Thus, the present invention overcomes two challenges to develop MIP-based sensors for the detection of proteins. First, a protein selective polymer based MIP is formed. Second, a reporter molecule is installed at or near the template site to transduce the subsequent protein template site binding event. We term our new sensor materials as protein imprinted polymers with integrated emission sites (PIPIES). The method of the present invention is illustrated in
The present invention provides methods and compositions for molecularly imprinting a polymer for a given target protein and then site-selectively installing one or more reporter molecules at or near the template site for protein detection (FIG. 1). A method is also provided for detection and quantification of proteins by using the PIPIES-based-sensors. While reference is generally made to the detection of proteins for illustrative purposes, it is intended to encompass both proteins and polypeptides. Generally, polypeptides are considered to be made up of about 50 to 500 amino acids and proteins of more than 500 amino acids. By using the method of the present invention, sensors can be developed for unknown polypeptides or proteins even if there is no available biological recognition element.
The MIP can be formed by using any strategy known in the field of molecular imprinting based on organic and/or inorganic precursors. Many different types of polymer systems can be used in the method of the present invention. As an illustrative example, a sol-gel derived xerogel can be used. However, the approach can easily be adapted to other MIPs based on aerogels or natural or synthetic polymer systems. However, sol-gel-derived xerogels and aerogels are particularly useful because the physicochemical properties of these materials can be tuned by one's choice of precursor(s), the molar ratio of the precursors, and the processing protocol [see references 18 and 19].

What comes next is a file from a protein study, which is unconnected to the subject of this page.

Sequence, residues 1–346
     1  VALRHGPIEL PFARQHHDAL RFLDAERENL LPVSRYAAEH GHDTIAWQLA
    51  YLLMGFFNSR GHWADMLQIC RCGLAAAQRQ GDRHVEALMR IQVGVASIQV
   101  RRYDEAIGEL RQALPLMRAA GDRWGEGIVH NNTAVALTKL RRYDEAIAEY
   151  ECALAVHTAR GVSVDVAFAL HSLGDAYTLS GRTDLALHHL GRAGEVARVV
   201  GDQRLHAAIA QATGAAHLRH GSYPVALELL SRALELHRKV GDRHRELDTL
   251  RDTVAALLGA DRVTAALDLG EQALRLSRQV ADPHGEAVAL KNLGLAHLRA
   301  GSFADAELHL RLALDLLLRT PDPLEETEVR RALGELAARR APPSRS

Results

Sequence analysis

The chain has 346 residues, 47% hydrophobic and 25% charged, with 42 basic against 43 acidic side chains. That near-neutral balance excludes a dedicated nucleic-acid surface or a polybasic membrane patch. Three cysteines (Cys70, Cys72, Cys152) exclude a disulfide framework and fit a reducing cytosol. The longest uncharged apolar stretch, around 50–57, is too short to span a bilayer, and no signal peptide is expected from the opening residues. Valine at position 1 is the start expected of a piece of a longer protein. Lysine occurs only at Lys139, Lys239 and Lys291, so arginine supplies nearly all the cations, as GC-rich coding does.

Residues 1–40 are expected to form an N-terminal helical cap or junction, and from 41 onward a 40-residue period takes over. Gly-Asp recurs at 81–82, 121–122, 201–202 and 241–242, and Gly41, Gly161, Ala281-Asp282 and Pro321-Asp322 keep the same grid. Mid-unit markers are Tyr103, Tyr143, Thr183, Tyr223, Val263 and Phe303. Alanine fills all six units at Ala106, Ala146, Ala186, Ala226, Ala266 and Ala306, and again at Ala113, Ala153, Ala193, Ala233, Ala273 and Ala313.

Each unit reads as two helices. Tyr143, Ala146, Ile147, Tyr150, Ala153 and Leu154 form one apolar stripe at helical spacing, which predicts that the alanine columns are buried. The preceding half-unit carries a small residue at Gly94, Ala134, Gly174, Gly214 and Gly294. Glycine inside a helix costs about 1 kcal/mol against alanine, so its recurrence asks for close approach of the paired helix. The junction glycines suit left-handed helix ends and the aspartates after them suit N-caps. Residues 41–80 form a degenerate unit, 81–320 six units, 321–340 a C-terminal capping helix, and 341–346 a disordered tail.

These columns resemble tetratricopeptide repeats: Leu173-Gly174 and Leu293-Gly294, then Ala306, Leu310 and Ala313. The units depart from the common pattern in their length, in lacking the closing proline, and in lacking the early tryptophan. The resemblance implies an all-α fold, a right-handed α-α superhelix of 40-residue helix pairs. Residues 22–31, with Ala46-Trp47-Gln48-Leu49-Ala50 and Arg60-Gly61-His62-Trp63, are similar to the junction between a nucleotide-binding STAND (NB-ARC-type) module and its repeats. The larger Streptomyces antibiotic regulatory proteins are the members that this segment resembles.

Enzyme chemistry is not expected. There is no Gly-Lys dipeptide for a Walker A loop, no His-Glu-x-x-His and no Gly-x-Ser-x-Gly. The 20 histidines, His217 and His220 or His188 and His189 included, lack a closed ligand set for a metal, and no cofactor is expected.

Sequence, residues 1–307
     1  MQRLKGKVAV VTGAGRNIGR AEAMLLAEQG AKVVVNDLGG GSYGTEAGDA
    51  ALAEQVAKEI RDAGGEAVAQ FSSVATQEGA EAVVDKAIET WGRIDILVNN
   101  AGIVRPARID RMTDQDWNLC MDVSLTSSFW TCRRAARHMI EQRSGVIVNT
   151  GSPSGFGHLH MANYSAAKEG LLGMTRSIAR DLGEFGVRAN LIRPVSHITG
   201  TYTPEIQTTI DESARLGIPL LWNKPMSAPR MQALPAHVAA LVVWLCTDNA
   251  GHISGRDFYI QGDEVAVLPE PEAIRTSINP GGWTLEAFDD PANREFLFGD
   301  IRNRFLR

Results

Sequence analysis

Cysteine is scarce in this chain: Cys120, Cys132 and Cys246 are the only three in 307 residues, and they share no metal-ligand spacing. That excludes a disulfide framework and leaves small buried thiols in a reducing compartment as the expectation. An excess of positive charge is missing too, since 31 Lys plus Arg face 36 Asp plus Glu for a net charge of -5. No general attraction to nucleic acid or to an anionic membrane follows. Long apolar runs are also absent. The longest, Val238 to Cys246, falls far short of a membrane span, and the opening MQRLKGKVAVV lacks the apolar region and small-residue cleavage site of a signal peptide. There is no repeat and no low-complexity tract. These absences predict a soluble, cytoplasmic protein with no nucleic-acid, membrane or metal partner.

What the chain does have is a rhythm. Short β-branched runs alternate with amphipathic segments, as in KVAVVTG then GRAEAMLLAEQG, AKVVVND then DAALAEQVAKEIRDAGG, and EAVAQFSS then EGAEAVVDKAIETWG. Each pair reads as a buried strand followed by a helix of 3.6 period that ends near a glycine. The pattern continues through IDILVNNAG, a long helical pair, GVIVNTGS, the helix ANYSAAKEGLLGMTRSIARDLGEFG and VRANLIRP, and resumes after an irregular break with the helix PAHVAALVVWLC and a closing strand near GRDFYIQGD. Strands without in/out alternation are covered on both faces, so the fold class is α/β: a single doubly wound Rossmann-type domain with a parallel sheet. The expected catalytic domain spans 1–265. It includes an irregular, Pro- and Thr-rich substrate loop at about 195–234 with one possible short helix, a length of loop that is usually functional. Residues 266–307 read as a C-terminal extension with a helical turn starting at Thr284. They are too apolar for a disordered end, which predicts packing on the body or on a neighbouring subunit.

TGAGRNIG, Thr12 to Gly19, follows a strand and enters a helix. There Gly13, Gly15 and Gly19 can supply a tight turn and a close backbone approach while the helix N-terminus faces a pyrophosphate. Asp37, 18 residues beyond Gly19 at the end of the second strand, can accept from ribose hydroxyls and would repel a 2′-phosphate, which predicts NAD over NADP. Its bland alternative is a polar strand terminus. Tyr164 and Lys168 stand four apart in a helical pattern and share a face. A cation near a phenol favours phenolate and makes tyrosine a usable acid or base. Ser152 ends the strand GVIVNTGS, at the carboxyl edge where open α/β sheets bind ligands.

In general, the polymer used in the method of this invention should be such that the target protein-activable reporter complex can bind to or otherwise interact chemically to at least some of its component monomers prior to polymerization. Such polymers are well known in the art. Examples of suitable polymerization precursors include, but are not limited to (EtO)3—Si—R′—Si—(EtO)3 and (EtO)3—Si—R″ groups as shown in
According to the method of the present invention, a target protein is mixed with one or more polymerizable precursors (e.g., organic monomers, initiators, tetraalkoxysilanes, organically modified silanes, catalysts (such as an acid or a base)). Optionally, additives (e.g., organic, inorganic polymers, biopolymers, surfactants) can be used to reduce or prevent the denaturation of proteins. The polymerization is allowed to proceed so as to sequester the protein within the matrix, imprinting the matrix. The protein-doped mixture is then allowed to form a monolith (which is typically considered to be greater than 1 mm thick) or it is deposited onto a substrate as a film (which is typically considered to be equal to or less than 1 mm thick). The protein is then removed from the templated matrix (by using an aqueous buffer wash). Next, reporter molecules are covalently attached within the templated sites. This step is accomplished by the use of an activatable reporter. An activatable reporter comprises (a) a reporter, (b) an activatable chemical residue, and optionally (c) a tether/linker between the reporter and the activable chemical residue.